Rated: PG for thematic elements involving perilous situations, and for some nudity, language, brief drug references and smoking. Reviewed by: Jim Release date: October 9, 2015 Released by: Columbia TriStar
Robert Zemeckis's ace technical version Philippe Petit's famous World Trade Center is expressed by an ebullient Joseph Gordon Levitt (Don Jon, Looper, Sin City: A Dame To Kill For) that has wacky thrill-seeking zest ladened with prosaic, if occasional insistently amusing charm.
But, The Walk is an uneven, not so accurate but increasingly thrilling dramatic recreation of the scary, criminal and preposterous that is surely immersive (obviously the film is being distributed to capitalize initially on the desired giant-screen 3D format) once the free-spirited Petit is on a 450 lb. cable 110 stories high. The mischievous Petit speaks to the viewer in a way that underlines the film's drollery that requires a certain amount of patience like Gordon-Levitt's French accent of the oui/oui variety.
The first (less intriguing)part streamlines the Petit backstory in Paris (as the script draws from Petit's To Reach TheClouds) with an approach that appears geared to staring children of such daredevilry. A ubiquitous Ben Kingsley appears an unspecified circus showman influential in Petit realizing his dream. The tension begins to build as the story moves to the Big Apple in 1974 as a group is enticed to maneuver a tricky feat based on timing and architectural preparation without using a more effective clandestine aura.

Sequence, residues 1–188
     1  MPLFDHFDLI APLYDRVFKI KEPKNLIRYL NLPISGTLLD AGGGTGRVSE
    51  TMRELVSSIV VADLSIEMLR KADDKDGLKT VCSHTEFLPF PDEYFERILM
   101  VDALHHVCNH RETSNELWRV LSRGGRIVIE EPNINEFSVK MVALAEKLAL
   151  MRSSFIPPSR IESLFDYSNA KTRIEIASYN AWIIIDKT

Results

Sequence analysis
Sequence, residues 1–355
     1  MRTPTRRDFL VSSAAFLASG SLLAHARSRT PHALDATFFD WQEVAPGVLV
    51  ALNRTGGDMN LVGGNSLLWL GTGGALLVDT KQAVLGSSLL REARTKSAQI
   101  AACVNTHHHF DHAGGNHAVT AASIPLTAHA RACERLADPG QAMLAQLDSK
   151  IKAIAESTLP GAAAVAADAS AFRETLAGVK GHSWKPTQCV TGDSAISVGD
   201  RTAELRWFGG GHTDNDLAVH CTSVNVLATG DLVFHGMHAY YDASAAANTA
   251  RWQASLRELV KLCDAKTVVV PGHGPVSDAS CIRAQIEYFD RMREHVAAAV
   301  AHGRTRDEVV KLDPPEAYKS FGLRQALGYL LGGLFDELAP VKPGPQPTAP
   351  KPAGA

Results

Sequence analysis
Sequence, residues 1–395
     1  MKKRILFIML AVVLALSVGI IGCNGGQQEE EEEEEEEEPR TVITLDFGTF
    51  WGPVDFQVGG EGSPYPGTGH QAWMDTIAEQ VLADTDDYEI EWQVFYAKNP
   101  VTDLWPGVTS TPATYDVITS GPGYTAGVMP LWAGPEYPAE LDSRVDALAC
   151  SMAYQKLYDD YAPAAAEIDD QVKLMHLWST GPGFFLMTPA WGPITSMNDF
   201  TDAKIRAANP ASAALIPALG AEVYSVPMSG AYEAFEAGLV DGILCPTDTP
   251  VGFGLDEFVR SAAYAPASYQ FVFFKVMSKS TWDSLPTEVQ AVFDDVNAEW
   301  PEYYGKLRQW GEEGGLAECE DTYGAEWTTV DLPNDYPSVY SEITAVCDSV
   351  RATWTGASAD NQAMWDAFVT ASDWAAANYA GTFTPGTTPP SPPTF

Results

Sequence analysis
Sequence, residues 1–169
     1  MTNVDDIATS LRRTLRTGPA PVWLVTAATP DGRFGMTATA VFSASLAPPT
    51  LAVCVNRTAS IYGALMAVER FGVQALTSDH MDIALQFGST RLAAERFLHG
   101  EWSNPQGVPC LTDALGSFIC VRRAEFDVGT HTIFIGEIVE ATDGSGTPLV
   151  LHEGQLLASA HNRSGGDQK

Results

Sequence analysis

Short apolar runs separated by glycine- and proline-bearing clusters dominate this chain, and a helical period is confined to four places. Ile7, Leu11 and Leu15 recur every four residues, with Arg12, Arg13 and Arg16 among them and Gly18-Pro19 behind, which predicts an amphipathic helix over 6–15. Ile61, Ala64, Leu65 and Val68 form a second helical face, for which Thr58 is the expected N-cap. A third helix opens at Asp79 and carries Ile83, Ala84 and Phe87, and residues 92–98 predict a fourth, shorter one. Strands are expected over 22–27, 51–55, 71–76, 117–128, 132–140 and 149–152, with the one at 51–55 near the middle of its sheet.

The filmmaking then espouses an effrontery that the cast uses as the peril (with the weather) is unmistakably felt that will have many viewers quivering in their seats. Zemeckis hasn't lost his Polar Express and Back To The Future touch with imagery and state-of-the-art effect which leads to a stirring tribute and an elated meal with his addled, tolerant street performer amour Annie (Charlotte Le Bon).
Yet, a game Gordon-Levitt and an always wizardly Zemeckis just can't reach the taut, insightful, stealthy heights in the more unruffled, substantial and enchanting 2008 James Marsh documentary Man On Wire. Where the sky was the limit for a lissome ambitious Frenchman with splendid sophisticated lyricism.